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Archive for the ‘parenthood’ Category

~ Written by Viki Rife

At 16 I graduated high school and got a job at a local hospital. One of my responsibilities involved making sure the radiologists had film cassettes loaded with new film.

One afternoon I got a call from a radiologist who was using the portable x-ray machine in the operating room. He needed more cassettes. I was to meet him in the scrub-room to deliver them.

When I walked into the room, my eye caught sight of the steel counter to the left. To my amazement, it contained five or six dead infants in various stages of development. I remember one had black wavy hair. My first thought was, “how could that many stillbirths occur in one day in our small town?” My teenage mind was horrified.

Just then, a nurse came out of the OR. She saw me staring over at the counter and frowned. “I don’t know why people can’t clean up after themselves,” she grumbled. She went over to the counter, grabbed a trash can, and with one quick move swept all the little bodies into it. Then she pulled out the bag and tied it shut.

I remember thinking, “How will the parents know which child is theirs when they’re ready to bury them?” My mind absolutely could not absorb the fact that the recent ruling of Roe vs. Wade had anything to do with it.

I hid the trauma deep inside and never told a soul.

But my heart was left very vulnerable when it comes to baby deaths. I grieve them with an intensity that has always seemed more than what the average person does. When my own granddaughter died in the womb the week before her due date, I was absolutely numb for two months. Something painful was stirring. It took me a while to figure out what it was. It was the memory of those beautiful dead babies.

Finally, as part of grieving my granddaughter, I allowed myself to examine the incident from so long ago and started processing the emotions that surround it. I was eventually able to share that operating room experience with my husband and a few trusted friends. They have been balm to my aching heart.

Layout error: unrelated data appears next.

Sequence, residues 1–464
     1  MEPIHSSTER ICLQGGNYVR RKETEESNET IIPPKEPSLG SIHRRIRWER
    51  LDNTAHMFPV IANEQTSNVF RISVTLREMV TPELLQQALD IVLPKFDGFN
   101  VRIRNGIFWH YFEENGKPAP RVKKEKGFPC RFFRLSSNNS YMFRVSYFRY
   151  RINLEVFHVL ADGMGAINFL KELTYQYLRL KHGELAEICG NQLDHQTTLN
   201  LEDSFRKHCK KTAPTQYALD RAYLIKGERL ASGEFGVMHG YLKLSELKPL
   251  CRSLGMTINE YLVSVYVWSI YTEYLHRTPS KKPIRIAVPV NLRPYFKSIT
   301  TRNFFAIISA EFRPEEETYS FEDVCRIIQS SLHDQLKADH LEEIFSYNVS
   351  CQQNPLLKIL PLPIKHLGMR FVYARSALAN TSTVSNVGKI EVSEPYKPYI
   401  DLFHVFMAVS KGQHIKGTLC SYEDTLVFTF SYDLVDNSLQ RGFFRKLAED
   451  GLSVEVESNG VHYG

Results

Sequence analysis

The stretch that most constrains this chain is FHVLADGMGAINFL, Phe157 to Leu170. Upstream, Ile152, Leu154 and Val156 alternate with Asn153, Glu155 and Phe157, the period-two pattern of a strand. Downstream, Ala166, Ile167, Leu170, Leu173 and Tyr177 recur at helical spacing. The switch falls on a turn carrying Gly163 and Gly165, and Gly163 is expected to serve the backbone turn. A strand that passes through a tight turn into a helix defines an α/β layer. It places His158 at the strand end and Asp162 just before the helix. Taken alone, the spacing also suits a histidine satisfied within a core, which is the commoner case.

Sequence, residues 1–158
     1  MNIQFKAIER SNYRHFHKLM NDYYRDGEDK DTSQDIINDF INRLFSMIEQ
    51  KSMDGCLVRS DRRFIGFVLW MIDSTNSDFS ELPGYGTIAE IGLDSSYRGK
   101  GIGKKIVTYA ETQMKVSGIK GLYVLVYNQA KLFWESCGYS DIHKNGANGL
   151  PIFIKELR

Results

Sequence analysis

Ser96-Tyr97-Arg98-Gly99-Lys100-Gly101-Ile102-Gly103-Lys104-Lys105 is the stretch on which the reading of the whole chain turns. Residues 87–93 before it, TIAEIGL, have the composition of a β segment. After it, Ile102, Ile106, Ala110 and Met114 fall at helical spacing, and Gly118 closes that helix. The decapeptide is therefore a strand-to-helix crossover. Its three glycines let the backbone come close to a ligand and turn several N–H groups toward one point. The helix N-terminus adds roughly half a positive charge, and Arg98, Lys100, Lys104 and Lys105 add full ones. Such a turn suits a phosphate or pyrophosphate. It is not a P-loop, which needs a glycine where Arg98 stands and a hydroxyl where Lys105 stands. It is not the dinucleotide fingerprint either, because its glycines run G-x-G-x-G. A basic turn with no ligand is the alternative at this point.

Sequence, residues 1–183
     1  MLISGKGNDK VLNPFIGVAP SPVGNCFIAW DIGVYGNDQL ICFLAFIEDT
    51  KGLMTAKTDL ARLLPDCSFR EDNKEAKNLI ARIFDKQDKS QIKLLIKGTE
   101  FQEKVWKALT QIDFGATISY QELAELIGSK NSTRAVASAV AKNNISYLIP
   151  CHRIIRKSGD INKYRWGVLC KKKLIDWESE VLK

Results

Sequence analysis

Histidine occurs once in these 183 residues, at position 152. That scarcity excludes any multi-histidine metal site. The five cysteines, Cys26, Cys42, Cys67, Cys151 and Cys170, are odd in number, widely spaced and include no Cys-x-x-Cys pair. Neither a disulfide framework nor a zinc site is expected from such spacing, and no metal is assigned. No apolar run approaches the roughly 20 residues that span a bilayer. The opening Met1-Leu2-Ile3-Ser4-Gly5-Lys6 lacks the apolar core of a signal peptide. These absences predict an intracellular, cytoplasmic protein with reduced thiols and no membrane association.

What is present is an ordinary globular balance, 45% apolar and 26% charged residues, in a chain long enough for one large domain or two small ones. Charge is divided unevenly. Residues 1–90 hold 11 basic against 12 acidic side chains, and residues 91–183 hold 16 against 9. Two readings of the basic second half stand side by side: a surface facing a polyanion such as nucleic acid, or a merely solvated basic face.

I thought I had worked through the trauma. Then last month a couple very close to me lost their baby at 25 weeks. The mother was induced, and I waited in the hallway while the baby was delivered. I saw the doctor leave the room, and a few minutes later a nurse came out carrying a tied trash bag.

The memory from that long-ago day hit like a fist to the stomach. I ran to the bathroom to throw up.

At that point I realized that my horror of living in a society that throws away its children is never going to go away. Thankfully, I soon was able to go into the room and see the baby in her father’s arms. She had not been in that bag. Her tiny body was being treated with dignity and respect by her grieving parents. And, in a strange way, I found the scene comforting. Parents should care that much about their child.

We cannot change our society, no matter what laws we pass. New York’s recent legalization of full-term abortion is only a symptom of our disease of devaluing human life. May God’s people go to our knees in prayer for our society, and may we reach out to help people see the God in whose image they’re made!

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~ Written by Viki Rife

I’ll never forget the day a fifteen-year-old girl who had started attending our youth group told me, “I need to find a boyfriend so I can get pregnant.” Hiding my surprise, I asked her why. Through tears she said, “Because I need a baby so I have someone to always love me.”

We may smile at her naïve perspective, but the truth is that as parents, we are very concerned about how our children feel toward us. It takes great emotional maturity to resist parenting based on the question, “How can I make sure my child likes me?” I call it “the foolish parenting question.”

Many, many parents in our society are living by that question. They can’t bear the thought that their child might be unhappy with them, so they knock themselves out to please the child. When the effort wears them out, they end up blowing up at the child for being so demanding. Then they feel guilty and the cycle begins all over again as they try to get back into their child’s good graces.

For those of us who understand that our children, like ourselves, were created to give God glory, the wise question to ask is, “How can I prepare my children to be God-honoring adults?” It changes the way we respond in every situation of their lives.

When something is hard for them, we will help them develop an attitude of perseverance instead of doing it for them. When others hurt their feelings, we will show them grace while using the opportunity to teach forgiveness and help them develop healthy conflict-resolution skills. When they mismanage their allowance, we will lovingly but firmly let them go without what they want so they know irresponsibility has consequences. With each new challenge, our thought should be, “How can I use this to prepare them to cope well with future problems? How can I show them that this is a way to bring glory to God?”

In the end, we find the parents who ask the wise question while rearing their children often end up with children who appreciate and like them. The ones who ask the foolish question many times have children who are demanding and contemptuous.

It is the wise parenting question that helps us “train up a child in the way he should go.” Our children are not created to make us feel good, although that may be a pleasant side effect. We must always be mindful that God put our children in our lives so we could teach them to give glory to Him.

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